I had long been interested in Japanese ikat and shibori, but it wasn’t until the major exhibition and book about the Guido Goldman collection of Central Asian textiles in 1997 that I fully appreciated the glorious patterns and colors of the region. When a friend moved to Uzbekistan, I jumped at the opportunity to use his home in Tashkent as a base for traveling to Samarkand, Bukhara and the Fergana Valley. I used the itinerary of a Textile Society of America tour as a template, and my friend connected me with travel agents who arranged guides and transportation.
I came home laden with several suzanis and many lengths of ikat cloth ranging from very simple patterns woven in cotton and found in bazaars, to meters of silks with complex patterns dyed with all natural dyes purchased in masters’ studios.
I knew it would take some time to realize how my trip would affect my work. Over the past two years, that has been difficult to determine. There is definitely a visual influence, but there is also something else less tangible but also very powerful. The exuberance of Uzbek fabrics, bazaars, open air food markets and the gloriously tiled mosques dared me to open up and use strong color and pattern in my work. The love and commitment of the artisans to their craft inspired me and boosted my confidence in following my instincts and interests … to leap.
Leap Year, finished just a couple months ago, is so-named not only because there are 366 days in 2012, but also because I just jumped in to start it. I thought about visual elements from earlier pieces as seen in images five, six and seven. The color scheme and concept of working with long, narrow sections filtered into my head via a length of silk ikat by Fazlitdin Dadajonov from the Fergana valley hanging in my studio.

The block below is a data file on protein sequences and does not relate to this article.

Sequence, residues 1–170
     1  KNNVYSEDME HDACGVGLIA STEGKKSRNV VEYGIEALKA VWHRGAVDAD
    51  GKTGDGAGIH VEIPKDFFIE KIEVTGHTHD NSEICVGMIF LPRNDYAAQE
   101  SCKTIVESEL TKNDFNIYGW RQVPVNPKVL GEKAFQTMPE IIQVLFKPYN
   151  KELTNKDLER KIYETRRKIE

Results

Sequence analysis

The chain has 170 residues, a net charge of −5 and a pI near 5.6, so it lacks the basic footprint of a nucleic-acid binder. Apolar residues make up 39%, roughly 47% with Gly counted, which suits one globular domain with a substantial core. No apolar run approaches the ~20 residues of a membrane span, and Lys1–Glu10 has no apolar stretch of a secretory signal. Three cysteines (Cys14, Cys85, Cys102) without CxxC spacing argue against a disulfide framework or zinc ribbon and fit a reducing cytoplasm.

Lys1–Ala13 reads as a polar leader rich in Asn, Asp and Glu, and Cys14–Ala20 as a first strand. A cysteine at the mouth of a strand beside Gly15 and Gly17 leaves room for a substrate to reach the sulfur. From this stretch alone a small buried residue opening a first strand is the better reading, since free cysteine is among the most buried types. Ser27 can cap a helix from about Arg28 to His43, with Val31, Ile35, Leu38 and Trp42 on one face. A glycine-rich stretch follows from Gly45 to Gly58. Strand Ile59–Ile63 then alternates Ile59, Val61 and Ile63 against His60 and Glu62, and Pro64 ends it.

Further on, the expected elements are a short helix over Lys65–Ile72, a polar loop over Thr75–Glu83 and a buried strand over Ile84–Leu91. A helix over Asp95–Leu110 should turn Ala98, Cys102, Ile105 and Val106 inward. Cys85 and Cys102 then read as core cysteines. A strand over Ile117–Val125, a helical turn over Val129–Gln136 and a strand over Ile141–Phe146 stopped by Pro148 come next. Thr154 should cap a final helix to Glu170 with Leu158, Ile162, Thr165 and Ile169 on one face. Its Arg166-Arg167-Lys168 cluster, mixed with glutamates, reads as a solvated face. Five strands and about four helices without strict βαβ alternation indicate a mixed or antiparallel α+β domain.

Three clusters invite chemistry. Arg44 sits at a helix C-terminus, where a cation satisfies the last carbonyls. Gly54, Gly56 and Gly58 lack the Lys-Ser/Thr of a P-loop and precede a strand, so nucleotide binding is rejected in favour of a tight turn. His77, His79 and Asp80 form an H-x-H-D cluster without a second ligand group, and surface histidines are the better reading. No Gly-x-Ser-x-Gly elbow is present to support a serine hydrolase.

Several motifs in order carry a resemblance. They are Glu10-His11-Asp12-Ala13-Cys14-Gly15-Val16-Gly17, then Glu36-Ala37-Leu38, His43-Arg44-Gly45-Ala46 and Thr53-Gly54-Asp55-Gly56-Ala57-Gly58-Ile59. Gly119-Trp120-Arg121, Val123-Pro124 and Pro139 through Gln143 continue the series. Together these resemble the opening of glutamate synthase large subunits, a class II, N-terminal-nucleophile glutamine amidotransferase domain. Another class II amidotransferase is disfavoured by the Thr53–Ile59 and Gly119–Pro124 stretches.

I set up opportunities to play with composition and color at almost every stage of development. I divided the warp cloth in sections, and, after each dye bath, I pinned up all the lengths to re-work their sequence.
I rearranged the order as well as reversed top and bottom if needed. I wanted to work intuitively and use the medium in a painterly manner. The weft was planned in response to the warp composition as shown in images nine and 10.
Weaving is a reward: I see the colors and forms develop as weft goes over and under warp. Each pass of the shuttle is still a step into the unknown. My hope is there will always be surprises, the final results will not be exactly as I planned, and somehow each piece will take a leap ahead (images 11-12).
In Response: Weaving by Ann Roth and Vita Plume is on view through September 6 and the Gregg Museum of Art & Design at North Carolina State University, Raleigh. http://www.ncsu.edu/gregg/index.html. More of Ann’s work can be seen at www.annrothtextiles.blogspot.com.